Scientists connect baboon personalities to social success, health benefits
Whether human or baboon, it helps to have friends. For both species, studies have shown that robust social networks lead to better health and longer lives. Now, a team of University of Pennsylvania researchers has helped show that baboon personality plays a role in these outcomes, and, like people, some baboons' personalities are better suited to making and keeping friends than others.
The research was conducted by psychology professor Robert Seyfarth and biology professor Dorothy Cheney, both of Penn's School of Arts and Sciences. They collaborated with the Arizona State University's Joan Silk.
Their work was published in the Proceedings of the National Academy of Sciences.
Seyfarth and Cheney, along with their colleagues and students, have spent the last 17 years observing a group of baboons living in the Moremi Game Reserve in Botswana, studying the biological roots of their social dynamics. As with many other primates, baboon societies are strongly hierarchical. Females "inherit" their dominance ranks from their mothers and enjoy priority of access to food and mates. But high-ranking females do not always have greater reproductive success than low-ranking females. This suggests that, when it comes to evolutionary success, the inherited advantage of high rank can't explain everything.
"If you look at a baboon society," Seyfarth said, "and see the ranked, matrilineal families, you would think that whatever traits put an individual at the top of the hierarchy, that's what natural selection is going to favor. But that turns out not to be the case.
"In fact, dominance rank is not as good a predictor of reproductive outcomes as a close network of social relationships and stable relationships over time. So our question became 'What predicts having a strong network?'"
Baboon females actively work to maintain close social bonds, but, like humans, some baboons seemed to be better at it than others. With such traits closely tied to fitness and reproductive success, the Penn researchers wanted to get at the root of this variation.
During seven years of observations in the animals' natural habitat, the researchers measured individual female baboons on their sociability. They measured the number of grooming partners a baboon had, as well her tendency to be friendly or aggressive toward others. They also measured reproductive and fitness benefits they accrued: how long individuals and their offspring lived, as well as their stress levels, as determined by the presence of certain hormones in their droppings.
The researchers found that strength of an individual's social bonds was not fully predicted by seemingly obvious factors, such as the female's rank or the size of the family she was born into.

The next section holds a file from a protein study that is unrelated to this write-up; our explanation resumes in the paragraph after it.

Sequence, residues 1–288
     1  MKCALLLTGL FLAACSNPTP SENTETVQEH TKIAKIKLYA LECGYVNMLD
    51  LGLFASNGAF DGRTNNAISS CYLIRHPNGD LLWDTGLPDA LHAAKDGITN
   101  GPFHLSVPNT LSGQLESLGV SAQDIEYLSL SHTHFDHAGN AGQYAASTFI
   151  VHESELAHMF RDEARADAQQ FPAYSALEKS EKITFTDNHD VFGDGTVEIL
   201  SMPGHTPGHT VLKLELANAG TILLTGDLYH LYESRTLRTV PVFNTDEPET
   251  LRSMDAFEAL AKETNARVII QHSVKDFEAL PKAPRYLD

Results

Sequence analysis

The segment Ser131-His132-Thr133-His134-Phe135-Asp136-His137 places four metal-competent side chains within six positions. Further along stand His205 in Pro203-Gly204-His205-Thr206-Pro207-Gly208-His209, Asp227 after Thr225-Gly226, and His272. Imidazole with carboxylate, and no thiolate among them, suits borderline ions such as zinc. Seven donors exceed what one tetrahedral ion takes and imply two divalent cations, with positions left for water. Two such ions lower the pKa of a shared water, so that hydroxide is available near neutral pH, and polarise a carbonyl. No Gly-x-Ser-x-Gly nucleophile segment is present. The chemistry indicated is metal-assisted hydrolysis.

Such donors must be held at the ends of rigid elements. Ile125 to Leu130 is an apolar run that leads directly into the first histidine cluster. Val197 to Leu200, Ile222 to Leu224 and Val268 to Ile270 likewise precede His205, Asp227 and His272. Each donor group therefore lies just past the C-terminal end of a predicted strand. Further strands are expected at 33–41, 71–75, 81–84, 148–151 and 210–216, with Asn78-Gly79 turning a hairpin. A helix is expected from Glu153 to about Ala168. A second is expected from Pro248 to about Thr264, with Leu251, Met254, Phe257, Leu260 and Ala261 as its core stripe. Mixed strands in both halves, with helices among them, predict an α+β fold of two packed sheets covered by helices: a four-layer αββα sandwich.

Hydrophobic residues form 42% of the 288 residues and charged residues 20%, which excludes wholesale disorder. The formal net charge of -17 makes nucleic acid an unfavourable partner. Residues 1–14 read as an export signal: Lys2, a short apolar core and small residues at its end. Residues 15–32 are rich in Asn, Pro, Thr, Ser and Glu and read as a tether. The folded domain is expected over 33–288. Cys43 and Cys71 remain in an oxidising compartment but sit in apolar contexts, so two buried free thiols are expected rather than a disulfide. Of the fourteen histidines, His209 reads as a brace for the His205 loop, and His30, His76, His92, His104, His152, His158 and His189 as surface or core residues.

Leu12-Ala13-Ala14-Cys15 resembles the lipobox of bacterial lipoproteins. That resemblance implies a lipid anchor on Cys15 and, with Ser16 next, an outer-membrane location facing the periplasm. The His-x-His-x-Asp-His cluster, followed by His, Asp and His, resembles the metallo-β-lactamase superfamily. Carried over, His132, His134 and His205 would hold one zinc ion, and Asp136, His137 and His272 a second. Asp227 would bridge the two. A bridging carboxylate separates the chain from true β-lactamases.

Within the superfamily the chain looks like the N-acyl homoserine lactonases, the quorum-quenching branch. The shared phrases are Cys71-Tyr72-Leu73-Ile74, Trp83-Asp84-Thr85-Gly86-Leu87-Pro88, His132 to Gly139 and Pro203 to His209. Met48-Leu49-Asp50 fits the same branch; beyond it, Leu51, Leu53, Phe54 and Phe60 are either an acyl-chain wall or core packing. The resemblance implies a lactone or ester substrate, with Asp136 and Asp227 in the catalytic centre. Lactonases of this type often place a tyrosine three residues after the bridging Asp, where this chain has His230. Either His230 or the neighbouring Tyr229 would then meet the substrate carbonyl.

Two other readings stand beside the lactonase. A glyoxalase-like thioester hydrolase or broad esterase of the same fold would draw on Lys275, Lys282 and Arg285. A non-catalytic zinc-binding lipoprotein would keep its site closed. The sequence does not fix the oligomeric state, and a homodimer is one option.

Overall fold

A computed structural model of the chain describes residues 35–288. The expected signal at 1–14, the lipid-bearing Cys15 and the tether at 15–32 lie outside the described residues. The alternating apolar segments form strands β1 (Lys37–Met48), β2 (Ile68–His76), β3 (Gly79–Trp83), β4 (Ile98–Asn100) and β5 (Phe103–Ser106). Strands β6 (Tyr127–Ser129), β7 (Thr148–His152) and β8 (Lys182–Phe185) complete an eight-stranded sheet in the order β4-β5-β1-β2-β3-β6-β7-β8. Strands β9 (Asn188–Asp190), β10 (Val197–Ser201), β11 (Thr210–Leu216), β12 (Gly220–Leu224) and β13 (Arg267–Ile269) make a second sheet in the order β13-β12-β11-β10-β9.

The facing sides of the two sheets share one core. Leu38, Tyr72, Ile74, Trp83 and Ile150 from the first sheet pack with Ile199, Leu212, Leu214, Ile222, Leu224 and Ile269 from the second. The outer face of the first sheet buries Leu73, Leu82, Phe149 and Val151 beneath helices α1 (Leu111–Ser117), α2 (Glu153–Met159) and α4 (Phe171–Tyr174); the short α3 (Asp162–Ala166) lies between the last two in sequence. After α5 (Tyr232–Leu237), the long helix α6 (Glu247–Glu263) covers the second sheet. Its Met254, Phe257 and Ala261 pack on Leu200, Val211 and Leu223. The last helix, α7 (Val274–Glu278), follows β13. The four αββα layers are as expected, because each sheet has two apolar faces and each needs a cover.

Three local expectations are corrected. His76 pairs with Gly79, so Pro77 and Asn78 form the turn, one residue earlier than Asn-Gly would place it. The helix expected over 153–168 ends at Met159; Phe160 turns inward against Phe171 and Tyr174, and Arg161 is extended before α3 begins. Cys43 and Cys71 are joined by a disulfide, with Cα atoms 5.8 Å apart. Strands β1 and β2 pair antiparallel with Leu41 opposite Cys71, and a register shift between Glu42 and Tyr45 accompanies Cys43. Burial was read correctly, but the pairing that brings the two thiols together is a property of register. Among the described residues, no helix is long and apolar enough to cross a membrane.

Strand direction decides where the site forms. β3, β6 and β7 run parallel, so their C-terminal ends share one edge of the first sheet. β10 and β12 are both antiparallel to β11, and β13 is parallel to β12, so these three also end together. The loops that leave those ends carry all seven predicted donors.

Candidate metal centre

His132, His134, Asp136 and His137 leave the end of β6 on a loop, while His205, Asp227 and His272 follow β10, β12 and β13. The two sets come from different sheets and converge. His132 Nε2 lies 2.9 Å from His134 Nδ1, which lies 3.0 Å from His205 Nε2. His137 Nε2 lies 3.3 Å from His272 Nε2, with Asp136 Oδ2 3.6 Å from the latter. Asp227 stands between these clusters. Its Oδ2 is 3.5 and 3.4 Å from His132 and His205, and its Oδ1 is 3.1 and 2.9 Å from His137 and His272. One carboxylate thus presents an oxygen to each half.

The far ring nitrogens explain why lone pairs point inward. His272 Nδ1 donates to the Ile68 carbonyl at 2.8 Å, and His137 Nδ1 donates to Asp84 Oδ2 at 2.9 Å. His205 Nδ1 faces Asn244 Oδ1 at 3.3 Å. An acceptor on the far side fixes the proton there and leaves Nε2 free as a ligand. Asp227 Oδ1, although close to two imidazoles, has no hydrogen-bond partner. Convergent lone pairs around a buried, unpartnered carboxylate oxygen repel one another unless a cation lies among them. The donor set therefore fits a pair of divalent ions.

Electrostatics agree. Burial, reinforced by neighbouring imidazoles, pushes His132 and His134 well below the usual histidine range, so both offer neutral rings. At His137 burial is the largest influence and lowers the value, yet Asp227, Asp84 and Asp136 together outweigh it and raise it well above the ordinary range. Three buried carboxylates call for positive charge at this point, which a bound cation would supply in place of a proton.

"Even when a female has a lot of relatives," Cheney said, "sometimes she's a loner, but some females who have no relatives do just fine. It suggests that you have to be both lucky and skilled to have these networks."
And, again like humans, these skills came down to individual personality traits. To determine a female's personality, the researchers paid close attention to grunting behavior. For baboons, grunting greases the social wheels. If a lower-ranking female grunts when approaching a higher-ranking female, the grunt acts as a kind of appeasement, reducing the chance of receiving aggression. Conversely, if a higher-ranking female grunts to a lower-ranking female, the grunt puts her at ease, increasing the chance of a friendly social interaction. And females of all ranks grunt when approaching a mother with an infant, because grunts increase the likelihood that the mother will allow the grunter to interact with her child.
Working bottom up from the trends they found in the baboon's behavior, the researchers grouped the baboons into three distinct personality profiles: "nice," "aloof" and "loner."
Nice females were friendly to all others and often grunted to lower-ranking females to signal reassurance. They formed strong and enduring social bonds with fairly consistent partner preferences over time.
Aloof females were more aggressive and less friendly, and they grunted primarily to higher-ranking females who had infants. They formed weaker bonds but had very consistent partner preferences.
Loner females were often alone and relatively unfriendly; they grunted primarily to appease higher-ranking females without infants. They formed weak bonds with changing partners.
Of the three, the loners had the highest stress levels, the weakest social bonds and the least stable social partners over time. Both of these measures were correlated with lower offspring survival and shorter lifespans. Both nice and aloof females showed the health and reproductive benefits associated with strong social bonds.
"This belies the idea that everything is competition and conflict," Cheney said.
While the mechanisms that make both "nice" and "aloof" effective strategies remains unclear, the study shows that cooperative personalities are adaptive.
"These results have allowed us to, for the first time in a wild primate, link personality characteristics, social skill and reproductive success," Seyfarth said. "By being a nice baboon, you increase the likelihood of having strong social bonds, which in turn translates to a better chance of passing on your genes."